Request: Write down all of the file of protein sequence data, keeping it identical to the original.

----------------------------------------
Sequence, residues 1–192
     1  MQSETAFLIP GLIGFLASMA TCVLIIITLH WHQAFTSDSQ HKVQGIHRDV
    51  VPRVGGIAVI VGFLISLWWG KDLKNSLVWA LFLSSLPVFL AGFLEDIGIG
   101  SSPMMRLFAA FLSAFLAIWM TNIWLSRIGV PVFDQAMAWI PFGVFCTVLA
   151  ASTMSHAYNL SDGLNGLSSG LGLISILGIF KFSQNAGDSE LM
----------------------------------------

Sequence, residues 1–192
     1  MQSETAFLIP GLIGFLASMA TCVLIIITLH WHQAFTSDSQ HKVQGIHRDV
    51  VPRVGGIAVI VGFLISLWWG KDLKNSLVWA LFLSSLPVFL AGFLEDIGIG
   101  SSPMMRLFAA FLSAFLAIWM TNIWLSRIGV PVFDQAMAWI PFGVFCTVLA
   151  ASTMSHAYNL SDGLNGLSSG LGLISILGIF KFSQNAGDSE LM